The crushing population, weird fashion, delicious fish, tasty beer, flashing lights, bowing politely, expensive taxis: it’s Tokyo. Although the culture shock wasn’t too much for me after living in Seoul for seven years, it’s still quite a place to see. There are lots of different neighborhoods, tiny alleys, broad boulevards, a plethora of small noodle shops, cute shopping districts and crazy nightlife. Continue reading “Tokyo ~ Sights in the City”
Spring arrived, bringing mild temperatures, chirping birds, Chinese “yellow dust” and the requisite two weeks of cherry blossoms. The entire country rushes from their winter doldrums and into their Hyundai’s or Kia’s to find sunny skies speckled with wispy clouds and the pleasant scent of blooming buds. Continue reading “An Amazing Eatable April”
Pictures of my day trip through one of the most photographed cities in the world.
Our group was out exploring.
Such a quaint little big city must be full of quaint little houses, and these are the few I saw before the sun set.
Although there are many examples of French architecture abounding along the riverside cities of Pakse, Savannakhet, and Thakhek, I tried to find the ones with character, the ones with a personality, lived-in, lived-around, but some were brand new, as Laos inches toward the 21st century with better education and more tourist money. These cities along the Mekong were one to two big streets long and had little to do besides watch sunsets and drink BeerLao.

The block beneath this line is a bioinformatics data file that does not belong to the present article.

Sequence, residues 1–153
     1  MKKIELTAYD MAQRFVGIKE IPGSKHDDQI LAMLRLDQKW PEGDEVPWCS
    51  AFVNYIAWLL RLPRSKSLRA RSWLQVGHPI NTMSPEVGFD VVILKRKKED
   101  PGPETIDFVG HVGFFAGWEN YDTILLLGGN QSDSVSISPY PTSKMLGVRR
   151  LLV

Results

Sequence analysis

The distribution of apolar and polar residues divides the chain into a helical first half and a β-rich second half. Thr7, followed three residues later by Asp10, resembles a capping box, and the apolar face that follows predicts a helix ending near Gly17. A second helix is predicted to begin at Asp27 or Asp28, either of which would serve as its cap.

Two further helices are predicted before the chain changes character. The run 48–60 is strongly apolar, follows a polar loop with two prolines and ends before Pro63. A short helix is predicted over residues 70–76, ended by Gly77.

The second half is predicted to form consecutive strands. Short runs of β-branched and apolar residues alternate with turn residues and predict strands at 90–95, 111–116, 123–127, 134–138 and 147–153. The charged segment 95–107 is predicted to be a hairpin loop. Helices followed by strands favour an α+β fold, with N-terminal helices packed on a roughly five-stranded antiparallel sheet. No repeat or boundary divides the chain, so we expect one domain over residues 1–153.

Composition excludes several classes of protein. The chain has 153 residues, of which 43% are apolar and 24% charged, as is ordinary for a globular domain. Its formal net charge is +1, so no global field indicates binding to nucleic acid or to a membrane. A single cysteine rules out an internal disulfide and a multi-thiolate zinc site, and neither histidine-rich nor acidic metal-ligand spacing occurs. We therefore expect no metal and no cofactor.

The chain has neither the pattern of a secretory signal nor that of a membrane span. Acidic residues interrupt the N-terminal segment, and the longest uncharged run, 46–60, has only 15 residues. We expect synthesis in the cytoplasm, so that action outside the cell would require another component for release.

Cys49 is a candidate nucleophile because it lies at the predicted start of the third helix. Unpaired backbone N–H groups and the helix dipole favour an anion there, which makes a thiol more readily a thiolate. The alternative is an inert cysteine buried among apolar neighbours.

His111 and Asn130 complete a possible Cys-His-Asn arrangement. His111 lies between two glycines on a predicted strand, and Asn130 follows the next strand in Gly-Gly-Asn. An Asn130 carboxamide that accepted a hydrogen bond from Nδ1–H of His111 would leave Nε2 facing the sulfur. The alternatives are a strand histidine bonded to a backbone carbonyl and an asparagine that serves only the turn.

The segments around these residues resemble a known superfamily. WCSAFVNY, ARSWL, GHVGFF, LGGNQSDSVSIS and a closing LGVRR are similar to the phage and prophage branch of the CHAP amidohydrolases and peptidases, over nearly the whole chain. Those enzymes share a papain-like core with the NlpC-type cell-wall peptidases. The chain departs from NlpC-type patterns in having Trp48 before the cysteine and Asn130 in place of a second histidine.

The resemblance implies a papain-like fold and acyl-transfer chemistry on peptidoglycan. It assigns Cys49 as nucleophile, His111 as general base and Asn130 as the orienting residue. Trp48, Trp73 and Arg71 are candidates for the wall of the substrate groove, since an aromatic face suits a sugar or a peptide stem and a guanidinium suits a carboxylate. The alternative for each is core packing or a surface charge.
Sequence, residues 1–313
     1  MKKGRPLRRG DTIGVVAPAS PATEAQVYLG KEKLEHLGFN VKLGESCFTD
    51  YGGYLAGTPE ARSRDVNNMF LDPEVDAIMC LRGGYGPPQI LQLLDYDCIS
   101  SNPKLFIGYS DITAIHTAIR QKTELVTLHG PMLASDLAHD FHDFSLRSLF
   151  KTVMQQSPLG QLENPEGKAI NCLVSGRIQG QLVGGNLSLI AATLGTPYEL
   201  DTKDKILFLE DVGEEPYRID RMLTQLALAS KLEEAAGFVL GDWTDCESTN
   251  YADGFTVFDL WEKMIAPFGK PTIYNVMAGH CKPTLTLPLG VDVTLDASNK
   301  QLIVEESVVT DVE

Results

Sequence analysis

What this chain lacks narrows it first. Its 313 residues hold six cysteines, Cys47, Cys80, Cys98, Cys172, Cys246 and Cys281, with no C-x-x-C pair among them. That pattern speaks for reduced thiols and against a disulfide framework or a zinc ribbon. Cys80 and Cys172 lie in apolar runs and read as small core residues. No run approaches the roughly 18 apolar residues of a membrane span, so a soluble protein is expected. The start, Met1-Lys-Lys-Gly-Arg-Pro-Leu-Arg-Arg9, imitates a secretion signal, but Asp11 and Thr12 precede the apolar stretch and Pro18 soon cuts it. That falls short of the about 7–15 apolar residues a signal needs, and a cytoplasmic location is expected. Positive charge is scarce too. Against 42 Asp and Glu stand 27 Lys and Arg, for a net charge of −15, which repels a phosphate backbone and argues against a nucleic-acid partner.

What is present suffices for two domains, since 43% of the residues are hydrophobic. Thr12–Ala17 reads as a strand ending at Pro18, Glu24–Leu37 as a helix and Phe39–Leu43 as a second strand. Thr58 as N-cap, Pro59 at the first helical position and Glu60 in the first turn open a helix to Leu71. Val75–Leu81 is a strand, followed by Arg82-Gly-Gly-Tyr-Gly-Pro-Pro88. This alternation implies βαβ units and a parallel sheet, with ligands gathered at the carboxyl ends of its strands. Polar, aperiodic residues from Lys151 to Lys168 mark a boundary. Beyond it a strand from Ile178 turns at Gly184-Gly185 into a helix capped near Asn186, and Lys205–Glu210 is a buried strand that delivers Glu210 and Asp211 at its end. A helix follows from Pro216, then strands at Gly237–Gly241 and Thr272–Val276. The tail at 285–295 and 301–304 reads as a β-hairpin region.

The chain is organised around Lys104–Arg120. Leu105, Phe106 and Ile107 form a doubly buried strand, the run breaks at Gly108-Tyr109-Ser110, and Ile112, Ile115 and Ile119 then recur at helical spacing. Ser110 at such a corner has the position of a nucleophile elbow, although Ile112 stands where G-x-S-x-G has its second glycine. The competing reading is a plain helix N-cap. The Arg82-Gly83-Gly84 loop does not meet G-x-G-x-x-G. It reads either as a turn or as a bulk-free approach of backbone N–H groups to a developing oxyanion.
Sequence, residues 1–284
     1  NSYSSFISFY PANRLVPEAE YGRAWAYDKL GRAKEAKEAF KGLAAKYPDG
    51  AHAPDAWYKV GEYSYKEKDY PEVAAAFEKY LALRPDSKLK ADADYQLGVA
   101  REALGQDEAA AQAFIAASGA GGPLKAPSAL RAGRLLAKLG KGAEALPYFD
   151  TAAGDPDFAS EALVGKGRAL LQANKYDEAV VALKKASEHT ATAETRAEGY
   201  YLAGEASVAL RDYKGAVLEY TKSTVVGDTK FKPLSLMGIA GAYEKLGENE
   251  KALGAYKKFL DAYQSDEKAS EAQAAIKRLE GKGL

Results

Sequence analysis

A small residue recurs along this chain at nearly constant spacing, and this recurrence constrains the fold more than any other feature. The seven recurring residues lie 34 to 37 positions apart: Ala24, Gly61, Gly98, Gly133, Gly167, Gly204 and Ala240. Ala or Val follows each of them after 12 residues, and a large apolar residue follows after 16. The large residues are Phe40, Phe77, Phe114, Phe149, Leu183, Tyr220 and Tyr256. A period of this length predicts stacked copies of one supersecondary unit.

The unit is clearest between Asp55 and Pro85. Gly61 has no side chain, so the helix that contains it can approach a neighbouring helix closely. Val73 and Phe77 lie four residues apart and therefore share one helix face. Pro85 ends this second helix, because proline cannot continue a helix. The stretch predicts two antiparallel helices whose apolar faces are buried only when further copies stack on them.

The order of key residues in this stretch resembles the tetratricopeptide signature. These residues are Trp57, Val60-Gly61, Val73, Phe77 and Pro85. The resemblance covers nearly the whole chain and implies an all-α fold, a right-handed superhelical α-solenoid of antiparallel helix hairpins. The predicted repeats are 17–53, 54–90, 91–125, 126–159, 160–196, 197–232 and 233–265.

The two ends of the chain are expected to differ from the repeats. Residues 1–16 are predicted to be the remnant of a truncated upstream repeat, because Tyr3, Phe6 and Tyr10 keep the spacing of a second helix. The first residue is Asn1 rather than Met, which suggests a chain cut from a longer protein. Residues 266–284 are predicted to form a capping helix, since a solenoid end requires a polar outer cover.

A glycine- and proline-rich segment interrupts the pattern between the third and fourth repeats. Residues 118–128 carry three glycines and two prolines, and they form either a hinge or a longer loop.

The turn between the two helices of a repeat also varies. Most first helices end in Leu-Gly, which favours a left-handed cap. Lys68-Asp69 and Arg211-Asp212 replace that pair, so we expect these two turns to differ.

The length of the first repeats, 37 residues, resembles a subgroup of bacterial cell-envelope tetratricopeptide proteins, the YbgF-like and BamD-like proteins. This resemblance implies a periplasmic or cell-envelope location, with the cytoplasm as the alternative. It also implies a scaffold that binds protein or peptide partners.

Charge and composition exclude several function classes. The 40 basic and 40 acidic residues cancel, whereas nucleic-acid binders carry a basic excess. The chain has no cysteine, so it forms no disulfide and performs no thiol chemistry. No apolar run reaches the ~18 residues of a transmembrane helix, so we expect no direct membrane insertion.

I’ve spent a lot of time on the day buses here in Cambodia. I’ve seen the indescribably extensive amount of trash littering every single inch of dirt along the roads, in the cities and sometimes in the restaurants. Papers, wrappers, cans, bottles, tickets, plastic, socks, shoes, shirts, food garbage, leaf clippings, composting itself under the feet of the oblivious locals. I see them sweeping up the dust in front of their shops or houses more than I see them pick up the rubbish. It’s not like the ground has become trash, but it seems to be moving in that direction in certain places, especially markets, or roadside stops. Despite the trash situation, it isn’t completely without charm. Some of that trash gets burned in random fires, producing a not-unlikeable, but definitely polluting smell. The smell is comforting in an unpleasant way. Smoke surrounds the road in some places, not the seemingly edible smoke of BBQ’s, but a mixture of plastic, palm leaves and cardboard. The houses are all on stilts, giving an extra room, that is purely shade, usually with a few hammocks. Small shops wait with supplies of strange chips, and always Pringles, sugary or salty treats, squid jerky and selected beers. Chugging along in my Tuk-Tuk at about 30 mph, I caught pictures in a bouncy manner, kinetic glimpses of the street.
1) Banteay Srei:
This 10th century temple dedicated to Shiva and called the “temple of woman” because the carvings are so delicate and intricate, that supposedly only a woman could do it. The rock was a special pink sandstone and looked beautiful. It was very well preserved and smaller allowing a better chance to see everything. It was such a great place to end, after seeing the big ones, this was a nice change. Recommended for the carvings and the amazing 40 minute tuk-tuk ride through Cambodian countryside.
The detail within the temples contains as much intricacy and detail on a micro level as the construction and balance presents on a macro level. These pictures are from various temples inside the complex.